555 F. Supp. 1319 (1983) | Cited 0 times | D. Rhode Island | February 3, 1983

SELYA, District Judge.

Plaintiff, Broad Street Food Market, Inc. ("Market"), challenges a one year disqualification from participation in government's Food Stamp Program. Disqualification resulted from a determination of the Food and Nutrition Service of the United States Department of Agriculture ("FNS") that plaintiff had allowed ineligible, non-food items to be purchased with food stamps in violation of the Food Stamp Act. 7 U.S.C. §§ 2011 et seq. (the "Act"). Thereupon, plaintiff instituted this action, claiming a trial de novo before this Court. Plaintiff obtained a judicial stay of the suspension imposed by FNS, pendente lite. The case was reached for trial in this Court on January 25, 1983.


Section 2023 of the Act provides that the suit in federal district court:

shall be a trial de novo by the court in which the court shall determine the validity of the questioned administrative action in issue. If the court determines that such administrative action is invalid, it shall enter such judgment on order as it determines is in accordance with the law and the evidence.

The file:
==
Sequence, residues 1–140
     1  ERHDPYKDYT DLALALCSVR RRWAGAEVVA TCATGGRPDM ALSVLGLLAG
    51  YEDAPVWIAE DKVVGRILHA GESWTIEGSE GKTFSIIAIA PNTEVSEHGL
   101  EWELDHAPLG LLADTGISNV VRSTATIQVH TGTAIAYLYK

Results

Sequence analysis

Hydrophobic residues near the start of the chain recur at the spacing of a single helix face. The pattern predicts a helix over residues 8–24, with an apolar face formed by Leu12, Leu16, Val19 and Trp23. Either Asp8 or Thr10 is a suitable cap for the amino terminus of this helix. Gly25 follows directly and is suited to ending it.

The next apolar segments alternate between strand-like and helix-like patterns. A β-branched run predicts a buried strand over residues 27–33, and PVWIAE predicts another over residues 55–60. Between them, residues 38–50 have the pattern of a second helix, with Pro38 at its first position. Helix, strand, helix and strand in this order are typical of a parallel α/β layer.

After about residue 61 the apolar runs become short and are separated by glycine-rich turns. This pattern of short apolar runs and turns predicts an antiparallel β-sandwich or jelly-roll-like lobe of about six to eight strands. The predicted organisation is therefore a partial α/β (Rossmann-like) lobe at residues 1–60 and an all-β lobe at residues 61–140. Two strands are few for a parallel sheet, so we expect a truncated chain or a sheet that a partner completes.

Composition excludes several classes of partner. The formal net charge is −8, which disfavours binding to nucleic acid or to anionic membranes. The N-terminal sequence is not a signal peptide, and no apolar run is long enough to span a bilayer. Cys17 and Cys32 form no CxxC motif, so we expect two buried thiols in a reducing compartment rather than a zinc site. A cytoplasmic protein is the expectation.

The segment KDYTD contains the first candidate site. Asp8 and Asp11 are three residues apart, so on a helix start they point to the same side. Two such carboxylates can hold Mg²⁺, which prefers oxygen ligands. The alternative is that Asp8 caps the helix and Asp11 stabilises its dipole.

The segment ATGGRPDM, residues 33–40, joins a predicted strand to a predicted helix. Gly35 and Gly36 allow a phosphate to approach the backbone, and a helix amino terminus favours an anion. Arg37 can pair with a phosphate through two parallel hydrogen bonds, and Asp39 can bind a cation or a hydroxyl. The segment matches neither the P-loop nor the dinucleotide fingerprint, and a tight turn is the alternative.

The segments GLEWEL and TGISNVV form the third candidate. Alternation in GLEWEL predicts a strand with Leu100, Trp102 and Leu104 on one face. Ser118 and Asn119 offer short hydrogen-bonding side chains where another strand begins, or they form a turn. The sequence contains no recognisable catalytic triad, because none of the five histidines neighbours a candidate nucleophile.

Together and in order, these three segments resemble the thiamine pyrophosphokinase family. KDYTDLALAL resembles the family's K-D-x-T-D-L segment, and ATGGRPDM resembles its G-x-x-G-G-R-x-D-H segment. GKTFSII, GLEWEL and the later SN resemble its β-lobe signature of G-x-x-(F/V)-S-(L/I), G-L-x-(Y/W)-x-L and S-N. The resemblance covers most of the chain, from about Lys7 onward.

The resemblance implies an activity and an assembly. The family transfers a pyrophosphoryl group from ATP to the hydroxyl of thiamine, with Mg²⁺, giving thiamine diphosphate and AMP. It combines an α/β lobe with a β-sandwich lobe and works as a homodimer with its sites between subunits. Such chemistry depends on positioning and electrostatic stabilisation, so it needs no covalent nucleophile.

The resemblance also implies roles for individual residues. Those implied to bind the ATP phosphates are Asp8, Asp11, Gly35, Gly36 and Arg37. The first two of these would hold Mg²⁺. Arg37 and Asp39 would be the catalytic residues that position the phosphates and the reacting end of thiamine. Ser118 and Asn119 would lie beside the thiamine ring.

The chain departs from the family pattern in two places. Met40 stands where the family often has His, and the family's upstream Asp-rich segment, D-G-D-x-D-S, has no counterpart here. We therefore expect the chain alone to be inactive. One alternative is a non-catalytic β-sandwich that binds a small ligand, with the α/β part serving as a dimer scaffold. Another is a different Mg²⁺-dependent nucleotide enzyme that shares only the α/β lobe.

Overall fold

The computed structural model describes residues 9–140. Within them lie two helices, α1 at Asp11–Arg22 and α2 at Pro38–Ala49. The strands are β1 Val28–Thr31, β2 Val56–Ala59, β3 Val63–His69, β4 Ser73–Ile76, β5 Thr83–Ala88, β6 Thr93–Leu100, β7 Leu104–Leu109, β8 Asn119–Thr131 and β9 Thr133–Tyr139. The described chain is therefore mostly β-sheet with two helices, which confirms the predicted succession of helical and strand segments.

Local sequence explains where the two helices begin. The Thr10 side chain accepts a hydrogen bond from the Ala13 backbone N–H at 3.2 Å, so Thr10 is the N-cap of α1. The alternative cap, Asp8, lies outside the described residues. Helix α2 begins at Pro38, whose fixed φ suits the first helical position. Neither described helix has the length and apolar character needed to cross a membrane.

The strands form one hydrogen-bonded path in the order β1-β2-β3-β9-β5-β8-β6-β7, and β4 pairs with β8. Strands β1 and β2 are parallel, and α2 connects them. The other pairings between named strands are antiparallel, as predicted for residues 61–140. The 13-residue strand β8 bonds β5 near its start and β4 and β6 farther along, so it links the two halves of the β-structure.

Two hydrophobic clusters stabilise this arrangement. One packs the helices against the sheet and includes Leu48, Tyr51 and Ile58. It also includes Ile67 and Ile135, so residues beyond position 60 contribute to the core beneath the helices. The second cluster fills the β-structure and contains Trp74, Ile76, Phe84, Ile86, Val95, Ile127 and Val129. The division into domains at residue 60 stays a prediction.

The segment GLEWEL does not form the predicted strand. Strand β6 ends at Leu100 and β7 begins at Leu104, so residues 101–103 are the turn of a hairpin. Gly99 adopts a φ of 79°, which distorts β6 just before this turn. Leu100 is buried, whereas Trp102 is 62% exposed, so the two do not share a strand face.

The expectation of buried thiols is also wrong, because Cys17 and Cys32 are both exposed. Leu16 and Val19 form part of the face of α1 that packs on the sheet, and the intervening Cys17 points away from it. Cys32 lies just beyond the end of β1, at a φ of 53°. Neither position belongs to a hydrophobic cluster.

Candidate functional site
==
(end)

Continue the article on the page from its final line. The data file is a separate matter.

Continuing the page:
7 U.S.C. § 2023.

While the statutory language appears, at first blush, to be commatic, it has produced divergent judicial views as to its meaning, intendment and scope. Some courts have bifurcated the question of violation from the question of sanctions, and have held that the reviewing court lacks jurisdiction to modify or vacate the latter. Martin v. United States, 459 F.2d 300 (6th Cir.), cert. denied, 409 U.S. 878, 93 S. Ct. 129, 34 L. Ed. 2d 131 (1972); 1" Josephs v. Government of United States, 532 F. Supp. 795 (E.D.Pa. 1982). In Martin, for example, the court apparently equated the statutory phrase "questioned administrative action" with a determination as to the existence or non-existence of a violation, thus wholly excluding the sanctions imposed from judicial scrutiny if the finding of violation was sustainable. Martin v. U.S., 459 F.2d at 302.

The Fifth Circuit rejected the holding of Martin in Goodman v. United States, 518 F.2d 505, 510 (5th Cir.1975). There, the court stated: